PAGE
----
EA’s latest blockbuster is two distinct games -- excellent, complex multiplayer and simple, short but fun single player
- Some of the best team-based multiplayer we've seen
- Excellent graphics, a solid game engine
- Hours of replay value
- Simple singleplayer storyline
- Some bugs, especially in Origin
- Some multi-player features missing from the last game
Battlefield 3 is two distinctly different games -- chaotic, complex, world-class multiplayer with enormous replay value versus a pulp fiction singleplayer story that sometimes plays like a pop-up shooting gallery. The game's tacked-on co-op missions sit uneasily between MP and SP in terms of enjoyment. If you're an online gamer you're well catered for -- Battlefield 3 is undoubtedly one of the best multiplayer games we've spent time with in a long time, and although some features are missing from previous Battlefield games we're still happy. If you're an offline gamer -- well, you're out of luck thanks to EA's somewhat Draconian backend software.
Battlefield 3: Origin
As a necessary addendum to this review, we have to cover what is by far the least impressive aspect of Battlefield 3: the Web-based Origin software and Battlelog browser-based game launcher. Effectively a competitor to Valve’s Steam online store and game download service, EA’s Origin takes the reins of the company’s relatively unknown EA Download Manager in handling the downloading and install process for Battlefield 3. Subsequently, you’ll need to install Origin to play Battlefield 3... which is not as easy a process as it sounds.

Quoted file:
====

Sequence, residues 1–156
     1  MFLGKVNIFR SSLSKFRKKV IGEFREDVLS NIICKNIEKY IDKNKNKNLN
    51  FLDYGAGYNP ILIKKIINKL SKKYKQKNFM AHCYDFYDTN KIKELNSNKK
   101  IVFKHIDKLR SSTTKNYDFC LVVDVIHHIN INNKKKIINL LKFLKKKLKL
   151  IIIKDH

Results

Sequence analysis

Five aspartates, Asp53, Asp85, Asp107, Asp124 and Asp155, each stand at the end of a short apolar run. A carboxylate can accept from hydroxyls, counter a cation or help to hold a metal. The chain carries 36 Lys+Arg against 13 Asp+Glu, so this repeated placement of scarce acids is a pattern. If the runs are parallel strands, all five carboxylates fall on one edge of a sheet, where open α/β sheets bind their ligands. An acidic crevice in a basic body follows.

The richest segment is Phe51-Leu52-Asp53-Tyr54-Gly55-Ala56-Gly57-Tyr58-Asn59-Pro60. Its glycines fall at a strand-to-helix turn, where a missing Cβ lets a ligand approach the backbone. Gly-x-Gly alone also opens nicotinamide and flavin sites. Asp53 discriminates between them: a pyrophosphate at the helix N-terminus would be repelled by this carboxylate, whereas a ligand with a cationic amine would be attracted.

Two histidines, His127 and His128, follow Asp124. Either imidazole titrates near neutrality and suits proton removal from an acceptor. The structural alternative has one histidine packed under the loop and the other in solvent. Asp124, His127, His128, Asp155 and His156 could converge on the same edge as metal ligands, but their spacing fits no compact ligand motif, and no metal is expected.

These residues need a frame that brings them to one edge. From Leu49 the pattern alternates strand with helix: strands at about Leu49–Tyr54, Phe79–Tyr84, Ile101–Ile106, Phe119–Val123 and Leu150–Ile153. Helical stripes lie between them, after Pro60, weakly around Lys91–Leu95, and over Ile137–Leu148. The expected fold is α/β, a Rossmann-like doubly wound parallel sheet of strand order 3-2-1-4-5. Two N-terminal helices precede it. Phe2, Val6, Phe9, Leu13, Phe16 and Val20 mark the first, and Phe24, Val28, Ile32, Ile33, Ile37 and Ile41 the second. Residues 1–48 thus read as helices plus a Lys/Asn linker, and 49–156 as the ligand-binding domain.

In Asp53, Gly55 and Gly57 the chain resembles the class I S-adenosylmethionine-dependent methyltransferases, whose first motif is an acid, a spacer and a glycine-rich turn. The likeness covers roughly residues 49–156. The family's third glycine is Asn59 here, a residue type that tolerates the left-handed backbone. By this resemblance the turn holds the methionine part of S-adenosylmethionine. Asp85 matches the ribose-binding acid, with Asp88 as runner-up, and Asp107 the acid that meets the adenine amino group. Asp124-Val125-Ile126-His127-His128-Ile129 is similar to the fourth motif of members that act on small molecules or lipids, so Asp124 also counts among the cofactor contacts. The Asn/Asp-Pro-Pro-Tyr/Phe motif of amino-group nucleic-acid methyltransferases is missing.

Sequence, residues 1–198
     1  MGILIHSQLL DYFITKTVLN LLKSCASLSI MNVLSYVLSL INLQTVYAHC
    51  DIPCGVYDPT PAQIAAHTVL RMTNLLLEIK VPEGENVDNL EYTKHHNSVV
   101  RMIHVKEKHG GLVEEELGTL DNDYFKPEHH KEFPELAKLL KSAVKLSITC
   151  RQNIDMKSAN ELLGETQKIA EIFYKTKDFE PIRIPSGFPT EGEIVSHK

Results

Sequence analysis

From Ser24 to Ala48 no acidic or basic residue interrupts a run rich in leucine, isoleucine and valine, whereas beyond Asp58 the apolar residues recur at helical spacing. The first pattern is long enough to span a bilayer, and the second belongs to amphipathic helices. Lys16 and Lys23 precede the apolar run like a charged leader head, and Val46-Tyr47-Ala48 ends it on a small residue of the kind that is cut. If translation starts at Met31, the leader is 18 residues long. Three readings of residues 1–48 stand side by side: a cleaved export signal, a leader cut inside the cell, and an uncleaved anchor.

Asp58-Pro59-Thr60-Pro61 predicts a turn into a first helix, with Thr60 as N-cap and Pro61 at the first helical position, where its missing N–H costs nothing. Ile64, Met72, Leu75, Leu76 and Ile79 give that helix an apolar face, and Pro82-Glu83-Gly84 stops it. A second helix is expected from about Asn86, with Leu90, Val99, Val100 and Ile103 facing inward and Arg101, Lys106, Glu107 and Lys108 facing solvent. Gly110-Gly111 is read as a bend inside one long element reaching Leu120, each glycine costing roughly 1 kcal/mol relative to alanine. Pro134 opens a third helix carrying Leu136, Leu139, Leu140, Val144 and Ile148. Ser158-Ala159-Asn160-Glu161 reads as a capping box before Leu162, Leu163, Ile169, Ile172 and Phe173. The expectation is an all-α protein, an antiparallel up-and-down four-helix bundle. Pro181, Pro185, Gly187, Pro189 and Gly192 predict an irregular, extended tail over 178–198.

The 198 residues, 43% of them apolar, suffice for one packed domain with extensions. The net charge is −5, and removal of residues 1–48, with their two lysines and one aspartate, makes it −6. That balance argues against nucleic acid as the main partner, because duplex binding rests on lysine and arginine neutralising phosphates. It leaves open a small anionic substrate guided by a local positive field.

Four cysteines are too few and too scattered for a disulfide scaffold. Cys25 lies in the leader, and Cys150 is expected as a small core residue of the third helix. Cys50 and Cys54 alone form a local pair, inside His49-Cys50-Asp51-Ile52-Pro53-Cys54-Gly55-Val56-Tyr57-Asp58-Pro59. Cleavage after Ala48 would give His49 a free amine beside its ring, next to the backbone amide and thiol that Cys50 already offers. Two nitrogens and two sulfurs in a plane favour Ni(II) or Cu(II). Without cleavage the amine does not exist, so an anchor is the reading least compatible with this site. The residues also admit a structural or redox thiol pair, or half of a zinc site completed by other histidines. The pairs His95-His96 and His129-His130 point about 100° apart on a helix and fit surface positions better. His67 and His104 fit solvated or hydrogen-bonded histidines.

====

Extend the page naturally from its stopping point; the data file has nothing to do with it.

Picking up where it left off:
On our reasonably capable test PC — a slightly tweaked Dell XPS 8300, with a fresh copy of Windows 7 and an upgraded Radeon HD 6970 graphics card — refused to run Origin (which is still a ‘beta’ release, shockingly) until we tracked down a pre-beta version online. After that, we had to download Battlefield 3 three times for it to install correctly — 35GB out of our meagre Australian download limits to install an 11.4GB game. Reports of problems with the service are very easy to find all across the Internet, not only just in EA’s overwhelmed customer support forums. Anyway — once that’s out of the way and the game is installed, we were then confronted with EA’s one-size-fits-all approach to launching Battlefield games: Battlelog.
Battlelog is, in a simple sense, just a Web page with some convenient links to launch single player mode, co-op and a reasonably capable server browser for multiplayer. The functionality is all good, apart from the mystifying lack of a few filter settings (password-protected servers can’t be hidden, for example, and there’s no filter for setting maximum latency). The problem? Reliability. Over the past seven days that we’ve been playing, there hasn’t been a single time when we’ve been able to get into every server that we’ve tried. One night, after two hours of downtime for EA server maintenance, no servers worked. Even on a good day, up to half the servers we tried — which were not full, with no restrictions or queues — simply didn’t work.
We don’t think that Battlelog is ready for widespread use. It works OK but we really think a game of this calibre should be polished in every sense, and having a sloppy server administration service is surely going to drive away gamers. It’s not like EA doesn’t have the money. A couple of months should see major grievances fixed, we admit, but this should have been completed before the game’s debut.
Battlefield 3: Conclusion
Battlefield 3 is very much a game of two halves: excellent, peerless, unparalleled multiplayer with hours and hours of replay value, versus a cookie-cutter single player experience we probably wouldn’t bother playing again. Co-op sits somewhere in between as a tacked-on extra. Don’t buy Battlefield 3 for the single player — buy it for the multiplayer; we guarantee you’ll enjoy it.
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